The second track we decided to focus on is creating the conditions for a new political horizon, meaning a new international and regional framework that would lead to the conditions to restart negotiations.

As we focused on crises, we also focused on partners and how to strengthen them. You know already about our long meeting with the Tunisian Prime Minister and Foreign Minister. We had a joint press conference following our meeting.

And I am going to Morocco tonight, where I will pay my first official visit tomorrow, because we know very well that while we tackle the crises, the open crises, we also need to focus very much on strengthening our partners in the region, preventing crises to happen, strengthening actors that can help us managing with the crises that are open and obviously both Tunisia and Morocco have a key role to play when it comes to the Libyan crisis; Morocco in particular, having hosted the talks all these months.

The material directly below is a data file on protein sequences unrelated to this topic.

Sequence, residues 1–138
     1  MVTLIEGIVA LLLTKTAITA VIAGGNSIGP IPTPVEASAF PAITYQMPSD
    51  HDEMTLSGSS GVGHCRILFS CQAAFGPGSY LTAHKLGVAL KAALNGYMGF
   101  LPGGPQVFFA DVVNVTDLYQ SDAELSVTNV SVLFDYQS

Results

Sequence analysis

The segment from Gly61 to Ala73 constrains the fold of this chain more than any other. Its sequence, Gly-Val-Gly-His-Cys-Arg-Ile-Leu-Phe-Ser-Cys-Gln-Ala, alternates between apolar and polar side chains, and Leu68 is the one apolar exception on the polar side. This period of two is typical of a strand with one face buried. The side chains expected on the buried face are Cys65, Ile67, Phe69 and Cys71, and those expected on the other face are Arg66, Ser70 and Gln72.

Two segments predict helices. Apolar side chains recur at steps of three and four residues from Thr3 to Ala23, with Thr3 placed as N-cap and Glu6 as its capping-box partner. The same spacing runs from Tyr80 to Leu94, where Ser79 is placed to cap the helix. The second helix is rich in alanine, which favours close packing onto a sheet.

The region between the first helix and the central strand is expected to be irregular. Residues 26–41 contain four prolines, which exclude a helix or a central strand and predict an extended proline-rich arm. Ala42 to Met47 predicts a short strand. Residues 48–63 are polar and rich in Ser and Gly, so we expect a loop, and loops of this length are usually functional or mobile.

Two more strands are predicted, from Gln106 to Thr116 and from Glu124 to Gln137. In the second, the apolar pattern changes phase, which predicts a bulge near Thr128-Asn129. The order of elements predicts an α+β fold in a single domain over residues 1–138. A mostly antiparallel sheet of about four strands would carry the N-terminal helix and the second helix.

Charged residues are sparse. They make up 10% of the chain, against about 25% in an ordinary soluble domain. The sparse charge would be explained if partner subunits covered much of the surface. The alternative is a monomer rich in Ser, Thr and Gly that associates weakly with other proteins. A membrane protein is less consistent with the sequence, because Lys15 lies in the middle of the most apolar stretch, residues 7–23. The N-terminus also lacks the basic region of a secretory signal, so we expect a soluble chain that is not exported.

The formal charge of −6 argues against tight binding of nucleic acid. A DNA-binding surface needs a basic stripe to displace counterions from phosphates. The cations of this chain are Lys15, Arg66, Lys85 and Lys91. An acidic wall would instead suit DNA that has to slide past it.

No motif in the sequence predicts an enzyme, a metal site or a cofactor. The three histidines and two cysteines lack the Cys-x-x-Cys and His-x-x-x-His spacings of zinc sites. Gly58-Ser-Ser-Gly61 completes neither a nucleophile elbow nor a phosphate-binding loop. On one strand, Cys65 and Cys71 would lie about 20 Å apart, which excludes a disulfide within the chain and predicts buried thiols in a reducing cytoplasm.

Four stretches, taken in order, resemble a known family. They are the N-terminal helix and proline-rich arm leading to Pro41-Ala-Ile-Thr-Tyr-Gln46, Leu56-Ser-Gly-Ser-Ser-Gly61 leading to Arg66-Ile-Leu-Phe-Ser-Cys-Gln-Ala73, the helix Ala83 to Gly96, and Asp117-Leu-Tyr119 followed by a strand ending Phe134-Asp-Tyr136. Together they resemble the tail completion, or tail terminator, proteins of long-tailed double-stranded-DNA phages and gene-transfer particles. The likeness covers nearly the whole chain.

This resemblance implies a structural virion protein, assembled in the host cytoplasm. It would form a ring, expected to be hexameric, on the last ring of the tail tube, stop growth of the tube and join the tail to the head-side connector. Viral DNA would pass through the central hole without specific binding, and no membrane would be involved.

We adopted also, another point of the agenda, the Human Rights Action Plan, together with our EU Special Representative Lambrinidis.

And, last but not least, this is really not something we did in the Foreign Affairs Council, but I just did it now – I had a meeting with the Foreign Minister and the Deputy Prime Minister of the former Yugoslav Republic of Macedonia, following the agreement they reached in Skopje last week.

Last week was a rather lucky one when it comes to Foreign Policy – at least partial steps were done in most cases, apart from the Iranian one that was really a complete success and deal.

I will stop here and am ready to answer your questions.

Link to the Video:

http://ec.europa.eu/avservices/video/player.cfm?ref=I107273

  • Ref: EU15-303EN
  • EU source: 
  • UN forum: 
  • Date: 20/7/2015